In March, the John Locke Foundation published a Spotlight report, “Wrong Way: How the Map Act threatens NC property owners.” If you haven’t read that report, you should consider taking a look at it.
Most of us are familiar with the idea of eminent domain, whereby the government can purchase land it needs for a public purpose, like a road, whether the landowner wants to sell or not. There are arguments for and against, but it’s a long-established practice, and I don’t hear many people arguing that we should get rid of it altogether.
However, the power of eminent domain can be abused, and our Spotlight highlighted one way that is happening in North Carolina. Essentially, the government can designate land as a location for a future road, and once they do, the landowners are stuck. They can’t sell until the State is ready to buy. They can’t make improvements to their property. They can continue to live in a house, but they can’t really make any changes to anything.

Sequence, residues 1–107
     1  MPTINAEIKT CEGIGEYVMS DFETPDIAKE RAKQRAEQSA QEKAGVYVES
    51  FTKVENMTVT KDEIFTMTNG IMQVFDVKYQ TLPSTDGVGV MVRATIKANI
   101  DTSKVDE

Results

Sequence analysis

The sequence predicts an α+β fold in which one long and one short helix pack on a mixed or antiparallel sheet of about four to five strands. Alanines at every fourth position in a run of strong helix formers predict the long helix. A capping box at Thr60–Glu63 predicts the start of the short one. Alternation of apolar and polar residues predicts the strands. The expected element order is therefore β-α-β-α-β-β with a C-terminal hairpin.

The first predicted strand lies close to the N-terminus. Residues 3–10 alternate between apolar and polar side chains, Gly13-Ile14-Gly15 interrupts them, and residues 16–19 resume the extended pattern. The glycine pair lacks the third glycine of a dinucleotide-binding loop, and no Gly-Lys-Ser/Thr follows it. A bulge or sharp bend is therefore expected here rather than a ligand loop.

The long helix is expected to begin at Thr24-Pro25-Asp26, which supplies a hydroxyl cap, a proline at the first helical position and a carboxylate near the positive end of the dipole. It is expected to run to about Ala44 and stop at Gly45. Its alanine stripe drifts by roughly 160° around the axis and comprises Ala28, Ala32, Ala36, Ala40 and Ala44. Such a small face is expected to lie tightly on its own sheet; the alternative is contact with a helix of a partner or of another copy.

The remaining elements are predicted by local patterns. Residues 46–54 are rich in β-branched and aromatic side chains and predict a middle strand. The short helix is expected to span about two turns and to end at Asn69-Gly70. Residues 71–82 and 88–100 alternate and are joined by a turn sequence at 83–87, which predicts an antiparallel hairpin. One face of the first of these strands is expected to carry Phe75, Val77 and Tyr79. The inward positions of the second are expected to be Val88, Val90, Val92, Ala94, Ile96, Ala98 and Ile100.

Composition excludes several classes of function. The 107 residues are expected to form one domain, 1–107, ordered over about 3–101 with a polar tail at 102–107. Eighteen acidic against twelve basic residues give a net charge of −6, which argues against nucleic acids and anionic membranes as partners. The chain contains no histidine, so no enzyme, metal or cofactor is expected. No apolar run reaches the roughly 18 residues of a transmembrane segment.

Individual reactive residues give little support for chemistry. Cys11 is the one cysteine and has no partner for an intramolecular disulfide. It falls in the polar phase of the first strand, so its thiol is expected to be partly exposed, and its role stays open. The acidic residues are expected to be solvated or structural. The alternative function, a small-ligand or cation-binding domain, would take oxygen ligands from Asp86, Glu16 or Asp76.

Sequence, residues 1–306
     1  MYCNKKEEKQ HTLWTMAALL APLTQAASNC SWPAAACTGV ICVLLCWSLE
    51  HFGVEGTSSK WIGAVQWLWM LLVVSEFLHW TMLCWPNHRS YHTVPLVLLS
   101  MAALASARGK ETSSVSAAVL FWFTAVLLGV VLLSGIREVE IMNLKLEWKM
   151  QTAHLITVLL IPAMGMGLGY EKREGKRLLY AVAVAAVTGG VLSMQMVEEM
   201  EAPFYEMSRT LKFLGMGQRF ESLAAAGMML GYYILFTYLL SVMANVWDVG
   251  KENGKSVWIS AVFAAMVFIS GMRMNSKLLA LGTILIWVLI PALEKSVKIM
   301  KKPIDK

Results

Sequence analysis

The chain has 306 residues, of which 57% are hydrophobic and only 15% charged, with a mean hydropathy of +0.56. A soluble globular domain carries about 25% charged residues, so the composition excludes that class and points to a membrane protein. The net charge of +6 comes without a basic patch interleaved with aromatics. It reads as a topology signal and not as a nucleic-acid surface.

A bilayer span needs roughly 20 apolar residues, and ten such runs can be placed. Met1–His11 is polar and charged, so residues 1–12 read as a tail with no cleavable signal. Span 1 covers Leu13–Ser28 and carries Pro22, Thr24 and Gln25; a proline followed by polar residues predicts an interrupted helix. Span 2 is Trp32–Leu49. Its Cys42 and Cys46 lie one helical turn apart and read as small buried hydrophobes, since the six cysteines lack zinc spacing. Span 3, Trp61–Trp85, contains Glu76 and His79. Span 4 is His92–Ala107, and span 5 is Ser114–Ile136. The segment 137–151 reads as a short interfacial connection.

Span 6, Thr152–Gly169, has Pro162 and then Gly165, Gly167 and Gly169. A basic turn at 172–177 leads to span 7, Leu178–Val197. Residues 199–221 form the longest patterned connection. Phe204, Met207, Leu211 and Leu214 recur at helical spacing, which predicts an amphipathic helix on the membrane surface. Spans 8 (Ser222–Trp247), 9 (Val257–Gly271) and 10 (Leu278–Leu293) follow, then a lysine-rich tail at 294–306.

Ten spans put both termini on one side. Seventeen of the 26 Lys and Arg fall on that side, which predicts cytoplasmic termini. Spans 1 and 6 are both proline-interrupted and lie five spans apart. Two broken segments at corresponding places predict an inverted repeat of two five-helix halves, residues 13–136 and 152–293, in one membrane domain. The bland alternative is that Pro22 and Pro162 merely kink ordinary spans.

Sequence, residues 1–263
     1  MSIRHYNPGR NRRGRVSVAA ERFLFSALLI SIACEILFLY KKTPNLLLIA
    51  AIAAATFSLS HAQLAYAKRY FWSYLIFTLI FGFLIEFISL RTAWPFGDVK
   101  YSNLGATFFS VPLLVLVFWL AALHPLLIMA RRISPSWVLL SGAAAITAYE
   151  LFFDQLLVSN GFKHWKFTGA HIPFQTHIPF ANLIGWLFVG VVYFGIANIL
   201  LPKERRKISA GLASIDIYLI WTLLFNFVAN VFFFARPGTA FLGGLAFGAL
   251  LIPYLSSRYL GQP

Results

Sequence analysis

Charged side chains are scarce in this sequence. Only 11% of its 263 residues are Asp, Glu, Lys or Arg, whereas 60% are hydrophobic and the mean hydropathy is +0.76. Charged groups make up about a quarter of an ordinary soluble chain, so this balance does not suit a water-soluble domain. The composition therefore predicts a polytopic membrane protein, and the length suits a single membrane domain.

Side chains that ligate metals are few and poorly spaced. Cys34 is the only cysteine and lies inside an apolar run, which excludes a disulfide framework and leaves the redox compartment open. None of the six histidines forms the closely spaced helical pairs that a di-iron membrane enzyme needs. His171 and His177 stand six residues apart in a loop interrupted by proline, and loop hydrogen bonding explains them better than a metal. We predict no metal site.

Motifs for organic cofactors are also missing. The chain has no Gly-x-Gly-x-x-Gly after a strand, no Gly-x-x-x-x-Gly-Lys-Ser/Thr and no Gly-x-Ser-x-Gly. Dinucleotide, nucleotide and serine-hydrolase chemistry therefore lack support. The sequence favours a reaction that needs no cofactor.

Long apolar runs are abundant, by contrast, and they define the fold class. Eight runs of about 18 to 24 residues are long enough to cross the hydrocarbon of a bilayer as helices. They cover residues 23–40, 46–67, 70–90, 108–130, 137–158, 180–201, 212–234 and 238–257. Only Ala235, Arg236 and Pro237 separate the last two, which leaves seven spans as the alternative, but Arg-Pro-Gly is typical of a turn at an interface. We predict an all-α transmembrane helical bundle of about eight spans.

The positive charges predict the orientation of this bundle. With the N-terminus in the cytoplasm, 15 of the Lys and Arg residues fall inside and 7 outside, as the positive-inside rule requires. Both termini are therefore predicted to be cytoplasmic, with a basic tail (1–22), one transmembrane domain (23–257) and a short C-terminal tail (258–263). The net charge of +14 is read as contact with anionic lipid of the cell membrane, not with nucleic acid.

And this can pretty much go on indefinitely.
Some property owners in Shelby, who are currently being affected by the Map Act, are going so far as to consider suing the DOT. They own land, and they’re required to pay taxes on it, but they can’t use it in the ways they want because the land is within the future US 74 Bypass. They see this as an infringement of their property rights. I agree.
Our Spotlight recommended repealing the Map Act to protect the property rights of citizens. Such a repeal would be the best way to protect the property rights of all North Carolinians, including these landowners in Shelby.